Bolivia's highland city La Paz shrouded in smoke as wildfires rage

People walk amidst smoke caused by wildfires, in La Paz, Bolivia November 29, 2022. REUTERS/Claudia Morales

LA PAZ, Dec 1 (Reuters) - Wildfires near Bolivia's highland city and political capital La Paz have left the city shrouded in clouds of smoke, darkening the sky as local authorities urge residents to use face masks to avoid damaging their health.

The main cause has been forest fires linked to a lengthy drought and deforestation in the Yungas region to the northeast of the city, with dozens of active fires destroying citrus, banana and coca crops.

"We should be breathing clean air to improve our lungs, but the smoke does not allow us to breathe," said Gonzalo Quisberth, a resident in La Paz.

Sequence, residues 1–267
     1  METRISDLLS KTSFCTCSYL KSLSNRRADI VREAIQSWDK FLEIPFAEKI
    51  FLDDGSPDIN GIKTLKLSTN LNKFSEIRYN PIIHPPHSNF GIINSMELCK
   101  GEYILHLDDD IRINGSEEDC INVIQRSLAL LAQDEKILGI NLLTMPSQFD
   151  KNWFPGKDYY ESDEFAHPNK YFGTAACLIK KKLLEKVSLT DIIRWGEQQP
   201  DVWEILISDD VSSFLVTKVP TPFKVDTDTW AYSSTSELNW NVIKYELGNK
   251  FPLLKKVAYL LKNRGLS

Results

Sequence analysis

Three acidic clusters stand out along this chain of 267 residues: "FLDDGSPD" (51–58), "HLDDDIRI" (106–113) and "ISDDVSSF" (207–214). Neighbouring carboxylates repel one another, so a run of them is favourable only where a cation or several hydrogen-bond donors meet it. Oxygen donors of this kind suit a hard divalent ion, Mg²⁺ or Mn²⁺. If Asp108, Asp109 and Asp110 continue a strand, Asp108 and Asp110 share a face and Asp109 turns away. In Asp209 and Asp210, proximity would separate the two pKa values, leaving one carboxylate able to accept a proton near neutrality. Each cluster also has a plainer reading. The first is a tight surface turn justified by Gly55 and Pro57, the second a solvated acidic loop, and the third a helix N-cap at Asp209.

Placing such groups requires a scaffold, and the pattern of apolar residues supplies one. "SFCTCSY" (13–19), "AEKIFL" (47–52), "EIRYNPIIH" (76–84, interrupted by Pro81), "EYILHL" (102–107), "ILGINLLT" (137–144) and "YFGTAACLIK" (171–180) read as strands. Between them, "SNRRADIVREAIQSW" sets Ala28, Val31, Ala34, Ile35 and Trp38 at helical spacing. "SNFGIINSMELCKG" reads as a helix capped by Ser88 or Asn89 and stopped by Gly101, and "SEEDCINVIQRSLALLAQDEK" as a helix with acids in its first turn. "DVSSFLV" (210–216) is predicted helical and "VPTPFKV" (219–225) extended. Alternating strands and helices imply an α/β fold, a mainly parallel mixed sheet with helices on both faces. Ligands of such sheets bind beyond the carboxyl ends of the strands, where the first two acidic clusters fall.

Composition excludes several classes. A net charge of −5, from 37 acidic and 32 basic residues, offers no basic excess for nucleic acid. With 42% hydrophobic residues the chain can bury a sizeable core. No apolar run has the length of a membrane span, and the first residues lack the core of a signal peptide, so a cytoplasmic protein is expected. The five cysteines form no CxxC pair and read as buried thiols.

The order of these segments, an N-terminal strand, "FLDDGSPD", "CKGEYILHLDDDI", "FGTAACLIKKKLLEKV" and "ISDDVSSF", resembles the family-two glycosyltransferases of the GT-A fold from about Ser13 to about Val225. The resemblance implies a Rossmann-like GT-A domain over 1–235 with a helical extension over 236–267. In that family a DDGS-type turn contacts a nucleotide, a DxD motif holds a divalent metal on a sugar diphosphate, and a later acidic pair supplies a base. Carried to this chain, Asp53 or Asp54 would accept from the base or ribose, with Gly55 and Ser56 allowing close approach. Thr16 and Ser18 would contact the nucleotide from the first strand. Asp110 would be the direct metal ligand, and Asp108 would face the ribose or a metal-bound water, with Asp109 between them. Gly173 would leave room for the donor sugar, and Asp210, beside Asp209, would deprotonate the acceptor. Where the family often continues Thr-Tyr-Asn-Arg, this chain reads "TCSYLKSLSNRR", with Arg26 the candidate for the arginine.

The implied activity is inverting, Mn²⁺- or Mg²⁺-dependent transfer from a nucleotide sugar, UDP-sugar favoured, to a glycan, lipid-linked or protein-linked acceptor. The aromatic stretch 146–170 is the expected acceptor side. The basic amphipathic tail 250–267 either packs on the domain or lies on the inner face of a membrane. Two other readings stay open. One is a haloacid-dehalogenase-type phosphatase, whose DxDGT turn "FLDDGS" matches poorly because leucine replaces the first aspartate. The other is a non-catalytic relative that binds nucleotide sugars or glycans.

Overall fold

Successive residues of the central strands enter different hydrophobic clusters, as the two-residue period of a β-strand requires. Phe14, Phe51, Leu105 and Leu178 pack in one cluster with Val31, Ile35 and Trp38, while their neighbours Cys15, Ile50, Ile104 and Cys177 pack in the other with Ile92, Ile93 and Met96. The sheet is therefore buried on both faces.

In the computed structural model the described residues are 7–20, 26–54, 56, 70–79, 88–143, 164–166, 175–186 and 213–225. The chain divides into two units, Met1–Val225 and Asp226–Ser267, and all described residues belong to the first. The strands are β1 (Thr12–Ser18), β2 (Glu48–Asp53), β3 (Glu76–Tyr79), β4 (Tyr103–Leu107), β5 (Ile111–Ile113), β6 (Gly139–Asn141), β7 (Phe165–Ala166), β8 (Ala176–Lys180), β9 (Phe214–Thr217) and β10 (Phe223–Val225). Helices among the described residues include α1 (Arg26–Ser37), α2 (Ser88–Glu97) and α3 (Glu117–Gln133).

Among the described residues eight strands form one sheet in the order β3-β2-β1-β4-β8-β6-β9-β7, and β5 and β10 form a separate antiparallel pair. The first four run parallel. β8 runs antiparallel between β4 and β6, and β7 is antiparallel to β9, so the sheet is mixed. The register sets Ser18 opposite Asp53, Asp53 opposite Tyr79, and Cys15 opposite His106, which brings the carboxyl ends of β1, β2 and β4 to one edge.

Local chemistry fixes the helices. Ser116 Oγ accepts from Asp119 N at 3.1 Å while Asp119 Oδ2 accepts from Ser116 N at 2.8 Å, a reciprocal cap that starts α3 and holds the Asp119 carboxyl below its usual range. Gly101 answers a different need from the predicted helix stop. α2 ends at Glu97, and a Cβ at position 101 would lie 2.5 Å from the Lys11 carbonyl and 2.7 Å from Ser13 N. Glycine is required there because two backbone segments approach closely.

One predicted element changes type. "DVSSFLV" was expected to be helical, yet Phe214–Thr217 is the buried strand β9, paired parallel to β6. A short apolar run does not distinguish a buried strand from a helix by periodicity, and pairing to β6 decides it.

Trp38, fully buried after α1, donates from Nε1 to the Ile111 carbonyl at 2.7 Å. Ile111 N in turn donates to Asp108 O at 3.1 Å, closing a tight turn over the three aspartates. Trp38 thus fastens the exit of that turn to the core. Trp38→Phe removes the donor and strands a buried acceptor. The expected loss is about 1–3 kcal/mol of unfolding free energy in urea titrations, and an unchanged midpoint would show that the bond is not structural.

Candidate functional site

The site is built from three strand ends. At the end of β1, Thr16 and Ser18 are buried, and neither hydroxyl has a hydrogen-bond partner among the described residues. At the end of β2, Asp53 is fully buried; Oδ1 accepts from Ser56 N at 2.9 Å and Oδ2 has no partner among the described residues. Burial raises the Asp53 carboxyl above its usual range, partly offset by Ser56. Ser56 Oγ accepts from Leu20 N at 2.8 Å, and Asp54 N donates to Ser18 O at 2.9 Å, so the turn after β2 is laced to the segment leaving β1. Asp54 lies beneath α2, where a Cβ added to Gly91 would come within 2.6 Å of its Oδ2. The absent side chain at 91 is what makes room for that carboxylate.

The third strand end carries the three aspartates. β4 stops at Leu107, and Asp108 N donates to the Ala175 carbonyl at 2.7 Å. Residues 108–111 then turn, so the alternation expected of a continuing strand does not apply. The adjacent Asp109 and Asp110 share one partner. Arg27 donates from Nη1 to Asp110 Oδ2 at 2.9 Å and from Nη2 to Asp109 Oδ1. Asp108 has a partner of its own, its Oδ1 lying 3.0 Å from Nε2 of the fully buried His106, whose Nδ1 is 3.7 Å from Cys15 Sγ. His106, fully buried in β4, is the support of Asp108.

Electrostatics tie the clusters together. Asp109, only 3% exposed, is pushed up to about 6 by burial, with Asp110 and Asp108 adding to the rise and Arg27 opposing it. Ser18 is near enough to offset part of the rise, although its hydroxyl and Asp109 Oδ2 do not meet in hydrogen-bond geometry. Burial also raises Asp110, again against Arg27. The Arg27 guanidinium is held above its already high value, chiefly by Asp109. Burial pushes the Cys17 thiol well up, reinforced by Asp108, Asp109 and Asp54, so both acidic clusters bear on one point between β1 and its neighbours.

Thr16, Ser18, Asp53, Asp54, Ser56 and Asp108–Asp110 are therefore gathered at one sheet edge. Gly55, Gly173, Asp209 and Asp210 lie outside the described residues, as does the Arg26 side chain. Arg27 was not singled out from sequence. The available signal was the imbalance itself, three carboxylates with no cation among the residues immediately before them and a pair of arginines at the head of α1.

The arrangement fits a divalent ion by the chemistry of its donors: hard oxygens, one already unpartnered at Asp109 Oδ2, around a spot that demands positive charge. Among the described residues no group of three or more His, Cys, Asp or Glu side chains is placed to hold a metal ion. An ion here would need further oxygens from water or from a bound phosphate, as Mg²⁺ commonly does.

NASA satellite images show unusual forest fires in the landlocked Andean nation, with meteorologists saying the blazes are a consequence of extreme drought, delayed rainfall and deforestation for farmland.

"It is due to the burning of plant biomass, what we call in Bolivia 'chaqueos'," said Marcos Andrade, director of the Laboratory for Atmospheric Physics, referring to slash-and-burn practices to clear land for farming.

"Satellite images show a lot of smoke all over Bolivia, especially in the lowlands. But it is not only in Bolivia. There is also deforestation in Peru and Argentina, so it is a regional phenomenon."

Around the Andean region farmers have been praying for rains, with a third straight La Nina weather pattern leading to drier conditions that have ravaged crops.

"The delay in rainfall is because circulation patterns are not normalized," said meteorologist Marison Portucal.

"We have systems that bring a lot of moisture from the Amazon to our country and what is happening is that these systems are not present in the environment."

Reporting by Santiago Limachi, Monica Machicao, Liamar Ramos; Writing by Adam Jourdan; Editing by Lisa Shumaker

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